For over a year now, the connectivity gap in American homes and schools has been jarring to see as many students all over the country have struggled to gain access to educational tech devices and strong internet connections.

In an effort to close the connectivity gap amongst U.S. students, the Federal Communications Commission (FCC) has announced the launch of a $7.17 billion Emergency Connectivity Fund to help schools and libraries purchase technology and resources like laptops and tablets, Wi-Fi hotspots, modems, routers and broadband connections for schooling.

According to a press release, this marks the agency and country’s largest effort to close the homework gap and connect American students to the tools they need to support their education.

“Even before the coronavirus pandemic upended so much of day-to-day life, seven in ten teachers were assigning homework that required access to the internet,” FCC Acting Chairwoman Jessica Rosenworcel shared in a press statement. “But data from this agency demonstrates that one in three households do not subscribe to broadband. Where those numbers overlap is the Homework Gap.”

At the height of the pandemic when many schools switched from in-person to remote learning, reports came out about how students affected by the digital divide — especially those in low-income households — struggled to complete their assignments due to little to no access to internet or Wi-Fi at home.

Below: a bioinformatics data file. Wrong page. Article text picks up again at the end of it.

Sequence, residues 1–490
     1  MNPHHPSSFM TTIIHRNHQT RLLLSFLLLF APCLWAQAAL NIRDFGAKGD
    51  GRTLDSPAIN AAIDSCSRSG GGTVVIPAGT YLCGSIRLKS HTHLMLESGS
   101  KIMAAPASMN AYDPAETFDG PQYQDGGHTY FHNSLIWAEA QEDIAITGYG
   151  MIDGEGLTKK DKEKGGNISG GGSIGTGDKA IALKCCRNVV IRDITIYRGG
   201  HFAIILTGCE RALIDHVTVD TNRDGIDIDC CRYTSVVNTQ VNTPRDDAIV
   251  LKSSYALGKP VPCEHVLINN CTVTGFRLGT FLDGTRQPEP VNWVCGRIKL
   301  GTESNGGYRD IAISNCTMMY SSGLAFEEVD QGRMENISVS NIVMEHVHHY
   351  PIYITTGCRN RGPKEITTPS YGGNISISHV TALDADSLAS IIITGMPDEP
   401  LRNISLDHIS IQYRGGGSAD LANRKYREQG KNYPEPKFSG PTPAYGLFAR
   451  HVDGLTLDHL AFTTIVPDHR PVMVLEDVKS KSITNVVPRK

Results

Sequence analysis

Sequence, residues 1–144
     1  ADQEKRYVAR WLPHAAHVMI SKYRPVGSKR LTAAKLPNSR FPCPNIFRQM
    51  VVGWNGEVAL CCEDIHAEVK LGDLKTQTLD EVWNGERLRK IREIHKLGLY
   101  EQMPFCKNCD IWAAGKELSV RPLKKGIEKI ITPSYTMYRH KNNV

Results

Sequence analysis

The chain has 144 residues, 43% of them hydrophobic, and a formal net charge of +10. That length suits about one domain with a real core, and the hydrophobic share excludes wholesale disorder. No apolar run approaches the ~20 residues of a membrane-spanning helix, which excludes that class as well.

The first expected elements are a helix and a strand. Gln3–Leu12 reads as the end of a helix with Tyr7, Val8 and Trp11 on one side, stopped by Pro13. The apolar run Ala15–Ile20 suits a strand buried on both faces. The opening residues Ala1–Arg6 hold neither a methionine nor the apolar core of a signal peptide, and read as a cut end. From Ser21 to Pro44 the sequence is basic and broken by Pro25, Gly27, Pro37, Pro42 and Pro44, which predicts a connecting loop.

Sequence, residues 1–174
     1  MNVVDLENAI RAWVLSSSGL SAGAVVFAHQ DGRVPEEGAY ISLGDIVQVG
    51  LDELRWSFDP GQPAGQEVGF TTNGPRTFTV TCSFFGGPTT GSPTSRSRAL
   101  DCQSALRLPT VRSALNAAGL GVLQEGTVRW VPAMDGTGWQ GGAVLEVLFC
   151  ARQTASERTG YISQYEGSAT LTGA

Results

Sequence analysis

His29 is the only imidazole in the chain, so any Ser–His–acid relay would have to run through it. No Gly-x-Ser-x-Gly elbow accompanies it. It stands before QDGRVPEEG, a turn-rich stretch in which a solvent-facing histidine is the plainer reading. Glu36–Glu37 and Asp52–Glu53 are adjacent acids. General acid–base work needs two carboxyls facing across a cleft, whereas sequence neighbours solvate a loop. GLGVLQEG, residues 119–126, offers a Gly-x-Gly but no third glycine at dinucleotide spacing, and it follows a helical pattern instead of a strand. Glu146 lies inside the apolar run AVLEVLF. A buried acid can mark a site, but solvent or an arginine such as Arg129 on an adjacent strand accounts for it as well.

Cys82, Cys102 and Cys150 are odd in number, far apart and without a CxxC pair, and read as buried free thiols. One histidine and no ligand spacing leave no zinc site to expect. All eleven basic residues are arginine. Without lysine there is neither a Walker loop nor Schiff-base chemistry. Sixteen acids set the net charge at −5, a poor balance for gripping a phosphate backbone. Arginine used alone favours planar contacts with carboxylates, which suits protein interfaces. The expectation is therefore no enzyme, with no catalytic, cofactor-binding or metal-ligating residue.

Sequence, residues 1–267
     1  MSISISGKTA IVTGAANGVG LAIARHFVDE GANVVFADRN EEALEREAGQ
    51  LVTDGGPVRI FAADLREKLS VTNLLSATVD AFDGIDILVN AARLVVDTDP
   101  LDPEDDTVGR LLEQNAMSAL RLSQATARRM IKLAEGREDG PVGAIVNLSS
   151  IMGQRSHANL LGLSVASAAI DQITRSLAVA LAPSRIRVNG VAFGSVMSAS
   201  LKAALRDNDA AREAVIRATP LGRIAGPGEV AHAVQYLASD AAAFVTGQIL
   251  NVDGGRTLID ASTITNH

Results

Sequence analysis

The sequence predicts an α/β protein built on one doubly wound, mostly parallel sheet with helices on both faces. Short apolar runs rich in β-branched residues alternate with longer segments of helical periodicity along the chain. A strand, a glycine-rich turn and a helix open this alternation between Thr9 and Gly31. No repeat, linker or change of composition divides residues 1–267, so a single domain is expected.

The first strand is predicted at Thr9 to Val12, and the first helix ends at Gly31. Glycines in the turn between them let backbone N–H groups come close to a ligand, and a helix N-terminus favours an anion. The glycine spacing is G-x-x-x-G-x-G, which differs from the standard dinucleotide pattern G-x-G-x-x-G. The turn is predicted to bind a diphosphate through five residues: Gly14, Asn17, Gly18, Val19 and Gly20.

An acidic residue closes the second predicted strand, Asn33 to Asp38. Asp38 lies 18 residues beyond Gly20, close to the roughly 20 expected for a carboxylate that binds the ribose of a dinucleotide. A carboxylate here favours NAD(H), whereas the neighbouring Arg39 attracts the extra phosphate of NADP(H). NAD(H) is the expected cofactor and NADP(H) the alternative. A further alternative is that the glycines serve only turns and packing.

In some cases students even had to resort to sitting in public areas to connect to free Wi-Fi, a reality that Rosenworcel said was “heart-wrenching to see” this past year.

“Kids elsewhere during this pandemic sat in cars outside of libraries to catch a signal to go online for class. Others cobbled together the connectivity they needed by doing everything from borrowing mobile phones to lingering outside of shuttered school and municipal buildings,” she continued in her statement. “We should salute the grit of each and every one of these young people who found ways to go online and keep up with school. But it shouldn’t be this hard—and going forward, thanks to the Emergency Connectivity Fund, it won’t.”

Previously, the FCC launched a $10 billion initiative to give Americans access to broadband Internet in May after months of deliberation. Now, the organization is upping the stakes to actively make a difference for students and schools.

A press release reports that the American Rescue Plan of 2021 established the Emergency Connectivity Fund, and in May, the FCC adopted the Report and Order to detail how the program would be administered throughout schools and libraries across the country. The FCC will be overseeing the fund while the Universal Service Administrative Company serves as the program’s administrator.

Eligible schools and libraries can submit requests for funding to purchase needed equipment and services for the 2021-22 school year now until Aug. 13.

For more information about the Emergency Connectivity Fund and how to apply, click here.